Not condoing it or saying it's a great idea, but there it is.

    That being said, I am working on some docs.

    For reference, I am "just" a soccer-mom with rusty to non-existant programming skills, but digging into this project has sharpened them. The knowledge is out there if you're good at searching and wading through information and most importantly. poking around on your own and trying stuff out.

    (good recent example: there's a STICKY POST with the correct forum search link in it, and it's at the bottom of every forum sub-topic. Yet still, dozens of people every days cannot find it or use search properly.)

  7. mrjcleaver
    Member
    Posted 15 years ago #

    Donncha has agreed to link to Codex from the Forums. He's said we can expect this today. See http://trac.mu.wordpress.org/ticket/412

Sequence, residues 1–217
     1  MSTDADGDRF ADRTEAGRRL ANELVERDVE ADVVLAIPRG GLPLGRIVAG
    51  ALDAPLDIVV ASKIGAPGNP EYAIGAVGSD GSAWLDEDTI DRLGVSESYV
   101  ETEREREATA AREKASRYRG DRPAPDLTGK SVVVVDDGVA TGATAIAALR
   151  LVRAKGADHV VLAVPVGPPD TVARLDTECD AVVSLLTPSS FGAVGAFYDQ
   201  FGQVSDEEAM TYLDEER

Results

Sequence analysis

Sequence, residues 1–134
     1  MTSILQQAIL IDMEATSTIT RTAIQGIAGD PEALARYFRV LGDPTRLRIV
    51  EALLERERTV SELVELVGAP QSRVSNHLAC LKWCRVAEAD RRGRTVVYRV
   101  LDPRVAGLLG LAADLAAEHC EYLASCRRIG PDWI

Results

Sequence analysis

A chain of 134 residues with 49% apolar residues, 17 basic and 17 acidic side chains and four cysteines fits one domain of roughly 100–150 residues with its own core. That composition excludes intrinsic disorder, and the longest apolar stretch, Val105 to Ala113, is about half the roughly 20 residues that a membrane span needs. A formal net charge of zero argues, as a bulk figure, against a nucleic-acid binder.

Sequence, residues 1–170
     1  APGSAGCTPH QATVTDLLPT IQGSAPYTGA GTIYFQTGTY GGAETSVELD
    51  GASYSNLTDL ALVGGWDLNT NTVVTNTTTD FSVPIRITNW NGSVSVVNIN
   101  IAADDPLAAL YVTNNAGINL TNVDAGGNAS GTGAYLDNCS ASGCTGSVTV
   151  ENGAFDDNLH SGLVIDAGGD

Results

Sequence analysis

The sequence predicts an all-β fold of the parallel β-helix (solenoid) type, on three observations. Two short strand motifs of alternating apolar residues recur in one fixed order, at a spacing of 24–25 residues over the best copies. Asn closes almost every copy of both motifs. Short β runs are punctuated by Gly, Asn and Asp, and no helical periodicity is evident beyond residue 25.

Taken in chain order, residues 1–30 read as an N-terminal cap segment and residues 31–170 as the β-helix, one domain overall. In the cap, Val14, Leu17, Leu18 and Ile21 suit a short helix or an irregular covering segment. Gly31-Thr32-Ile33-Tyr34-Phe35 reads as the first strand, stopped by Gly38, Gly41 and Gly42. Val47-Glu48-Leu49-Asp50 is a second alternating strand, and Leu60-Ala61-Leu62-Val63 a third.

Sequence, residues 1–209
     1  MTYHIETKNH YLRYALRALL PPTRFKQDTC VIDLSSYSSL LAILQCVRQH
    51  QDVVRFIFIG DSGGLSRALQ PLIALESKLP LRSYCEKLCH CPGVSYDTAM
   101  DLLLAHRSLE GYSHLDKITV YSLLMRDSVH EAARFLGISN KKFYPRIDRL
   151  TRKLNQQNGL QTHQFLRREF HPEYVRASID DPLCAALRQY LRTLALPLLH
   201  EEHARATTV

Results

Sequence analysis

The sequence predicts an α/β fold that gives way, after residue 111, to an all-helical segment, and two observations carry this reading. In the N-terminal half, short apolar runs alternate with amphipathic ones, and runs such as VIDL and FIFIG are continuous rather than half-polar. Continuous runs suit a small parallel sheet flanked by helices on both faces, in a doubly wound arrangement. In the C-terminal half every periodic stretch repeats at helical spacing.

8. andrea_r
    Moderator
    Posted 15 years ago #

    I saw that.

    And nowhere did any of us say documentation was not needed.

  9. ladynada
    Member
    Posted 15 years ago #

    Is there a way to have a plugin that only the admin can use, and not the bloggers?
    thanks,
    nada

  10. omry
    Member
    Posted 15 years ago #

    ladynada, make calls to is_site_admin() in strategic points.

  11. lunabyte
    Member
    Posted 15 years ago #

    Search the forums for main site only plugins.

  12. Cimmo
    Member
    Posted 15 years ago #

    Hi,
    I'm the author of Cimy User Extra Fields a very famous plug-in for WordPress also linked in this thread and I'm trying to make my plug-in compatible with W-MU.